2. Define the process
It is easy to slip into the trap of trying to solve the wrong problem. There is a strong tendency to point fingers in the early stages of an SPC study. Once the SPC study candidate has been selected, define the scope of the study. A process is a unique combination of machines, tools, methods, materials, and personnel engaged in production. Each element of the process should be identified at this stage.
Be aware that this is not a trivial exercise. The input of a large number of people may be required. There may be conflicting opinions on just what the process is: these differences must be resolved at this stage if possible. The work done at this stage will pay off many times over when the study is actually performed. The results should be documented, and a flow chart of the process constructed.
3. Procure resources for the study
Most SPC studies disrupt production and require significant expenditures of material and human resources. This means that management backing is essential if any true progress is to be made. The evaluation done in Step 1 and the process definition agreed to in Step 2 should give you enough information to convince management to support your effort.
Develop a plan for the study at this stage. The plan includes a description of the overall approach to be used in the study. Questions that must be answered include these: Will the process be allowed to run “unperturbed” for a while? Who will take the data? What forms will be used? How long will the study take? How will management be kept up to date on results? Which characteristics will be monitored?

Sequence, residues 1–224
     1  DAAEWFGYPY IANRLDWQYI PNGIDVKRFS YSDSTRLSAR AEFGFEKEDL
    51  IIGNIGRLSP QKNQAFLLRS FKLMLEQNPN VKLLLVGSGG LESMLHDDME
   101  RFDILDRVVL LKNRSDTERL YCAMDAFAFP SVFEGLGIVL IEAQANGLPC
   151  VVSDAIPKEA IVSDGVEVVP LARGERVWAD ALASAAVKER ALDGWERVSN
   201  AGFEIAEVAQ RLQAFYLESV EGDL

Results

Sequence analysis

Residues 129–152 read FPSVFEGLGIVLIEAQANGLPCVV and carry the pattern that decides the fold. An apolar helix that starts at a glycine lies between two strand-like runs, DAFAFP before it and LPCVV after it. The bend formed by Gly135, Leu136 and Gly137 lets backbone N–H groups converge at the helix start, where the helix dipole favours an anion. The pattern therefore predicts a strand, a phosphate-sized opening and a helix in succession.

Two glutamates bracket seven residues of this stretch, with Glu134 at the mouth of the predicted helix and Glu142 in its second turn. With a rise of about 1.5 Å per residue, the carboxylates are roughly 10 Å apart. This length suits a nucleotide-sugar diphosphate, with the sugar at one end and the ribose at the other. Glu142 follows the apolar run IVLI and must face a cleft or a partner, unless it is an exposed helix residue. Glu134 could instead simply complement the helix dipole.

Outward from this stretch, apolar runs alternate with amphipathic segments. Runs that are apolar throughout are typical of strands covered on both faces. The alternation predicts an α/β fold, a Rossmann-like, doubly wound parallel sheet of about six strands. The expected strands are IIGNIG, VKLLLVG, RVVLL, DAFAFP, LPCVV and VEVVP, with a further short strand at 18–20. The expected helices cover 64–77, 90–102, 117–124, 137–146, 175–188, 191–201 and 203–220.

4. Determine the adequacy of the measurement system
A measurement system must be accurate and repeatable enough to measure process variation. It should also be consistent. These features should be evaluated statistically, not on the basis of intuition or opinion.
5. Provide a control system
Identify as many variables as possible in advance. A variable here is anything you suspect may be an assignable cause of variation. These include different vendors, tools, machine settings, fixtures, operators, machines, and so on. Once these sources of variation have been identified, be sure that the system provides a means for identifying the units in a manner that allows you to determine which variables have changed. If possible, control the changes in the variables so that you can investigate the effect of the change.
Since many variables change over time—including some you probably do not have on your list—the data-gathering system should identify the sequence in which the product is made. Identify parts actually measured as part of the study in case further evaluation is necessary. Everyone involved in the collection of data should be trained in the methods used to gather and record the data. Allow the observations and notes to be recorded in a convenient manner: every SPC study is an effort to learn more about the process, and it is often convenient to write notes and observations right on the control chart.